observation was made in the context of as to who had caused the fatal injuries,
particularly when according to the prosecution case itself none of appellants
was armed with a lathi and the deceased had suffered a few blunt weapon
injuries. We find that the prosecution has established the complicity of the
appellants with the crime but the question, however, is about the nature of
offence committed by them.
with the actual assault, the learned Sessions judge has observed :
As Bhura and Ramphool had broken the leg of Ranjeeta and they were going to 'Foota
Dungaar' on bullock cart to fetch wood from there, the Gujar accused must have
intended to attack them by obstructing the cart and inflicting injuries to them
in that situation." (Emphasis ours) The trial court went on to observe:-
"As sufficient evidence is not available regarding the fact that all the
five accused involved in causing the death of the deceased Bhura and that all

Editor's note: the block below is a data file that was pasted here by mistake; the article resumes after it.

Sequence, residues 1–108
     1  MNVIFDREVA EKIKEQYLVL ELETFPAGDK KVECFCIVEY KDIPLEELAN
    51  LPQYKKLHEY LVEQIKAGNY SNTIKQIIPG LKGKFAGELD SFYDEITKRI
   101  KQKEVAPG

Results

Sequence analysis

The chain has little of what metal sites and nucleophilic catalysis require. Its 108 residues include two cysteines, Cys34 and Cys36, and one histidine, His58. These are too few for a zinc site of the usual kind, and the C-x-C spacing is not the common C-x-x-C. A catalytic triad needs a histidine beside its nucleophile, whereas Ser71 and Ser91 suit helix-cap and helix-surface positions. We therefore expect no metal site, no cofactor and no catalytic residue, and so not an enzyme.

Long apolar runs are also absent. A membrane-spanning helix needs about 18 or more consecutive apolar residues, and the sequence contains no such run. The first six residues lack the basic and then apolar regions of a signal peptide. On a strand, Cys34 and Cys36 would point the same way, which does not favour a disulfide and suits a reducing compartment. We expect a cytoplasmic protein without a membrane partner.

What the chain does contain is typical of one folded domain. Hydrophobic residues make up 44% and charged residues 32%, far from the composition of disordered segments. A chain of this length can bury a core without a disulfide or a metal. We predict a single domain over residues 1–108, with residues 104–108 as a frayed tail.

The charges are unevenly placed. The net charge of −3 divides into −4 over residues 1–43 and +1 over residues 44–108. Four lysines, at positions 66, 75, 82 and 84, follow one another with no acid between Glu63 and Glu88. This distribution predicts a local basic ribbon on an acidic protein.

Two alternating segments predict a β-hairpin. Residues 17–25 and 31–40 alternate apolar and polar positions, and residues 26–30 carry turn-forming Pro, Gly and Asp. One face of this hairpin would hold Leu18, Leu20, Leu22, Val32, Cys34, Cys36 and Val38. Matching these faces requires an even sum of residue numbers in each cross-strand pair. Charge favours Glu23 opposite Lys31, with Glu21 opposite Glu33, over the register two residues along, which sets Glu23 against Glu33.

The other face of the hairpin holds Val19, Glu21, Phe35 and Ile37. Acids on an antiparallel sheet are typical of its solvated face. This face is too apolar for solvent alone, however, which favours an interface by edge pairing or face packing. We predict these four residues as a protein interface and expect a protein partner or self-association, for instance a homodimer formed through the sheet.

the five accused had come out from one 'pole", it cannot be said that they
had formed an unlawful assembly to kill the deceased Bhura before the incident.
after the start of "marpit" they (accused) inflicted grievous hurt(to)
deceased Bhura." So far as the recoveries are concerned the trial court
rightly did not believe the same and observed:- "I have, therefore, no
hesitation to conclude that all the ten accused were arrested on 15.11.81, and
that the evidence regarding their arrest on 21.11.1981, and disclosure
statements and recoveries of weapons on 22.11.1981 is all fabricated and false.
The I.O. seems to have acted in this manner in his zeal to strengthen the
prosecution case." However, inspite of recording all the above findings,
the trial court still convicted the appellants for offences under Section 302
IPC and Section 148 IPC and the High Court also confirmed their conviction and
sentence. In our opinion the approach of both the courts below on the question
of nature of offence was faulty and erroneous.
basis of the findings of the learned trial court, as noticed above, it is quite
obvious that the intention of the appellants could only have been to cause